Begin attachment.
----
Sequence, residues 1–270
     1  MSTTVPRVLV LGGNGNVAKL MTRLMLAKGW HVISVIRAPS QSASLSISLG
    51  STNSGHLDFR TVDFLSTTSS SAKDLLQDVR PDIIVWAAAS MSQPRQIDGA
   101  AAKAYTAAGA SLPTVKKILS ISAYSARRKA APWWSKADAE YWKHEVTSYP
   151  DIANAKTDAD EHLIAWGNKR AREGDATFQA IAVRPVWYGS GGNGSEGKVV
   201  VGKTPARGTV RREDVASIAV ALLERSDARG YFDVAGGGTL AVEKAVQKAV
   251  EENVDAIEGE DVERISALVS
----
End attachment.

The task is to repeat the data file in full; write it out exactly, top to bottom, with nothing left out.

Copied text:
Sequence, residues 1–270
     1  MSTTVPRVLV LGGNGNVAKL MTRLMLAKGW HVISVIRAPS QSASLSISLG
    51  STNSGHLDFR TVDFLSTTSS SAKDLLQDVR PDIIVWAAAS MSQPRQIDGA
   101  AAKAYTAAGA SLPTVKKILS ISAYSARRKA APWWSKADAE YWKHEVTSYP
   151  DIANAKTDAD EHLIAWGNKR AREGDATFQA IAVRPVWYGS GGNGSEGKVV
   201  VGKTPARGTV RREDVASIAV ALLERSDARG YFDVAGGGTL AVEKAVQKAV
   251  EENVDAIEGE DVERISALVS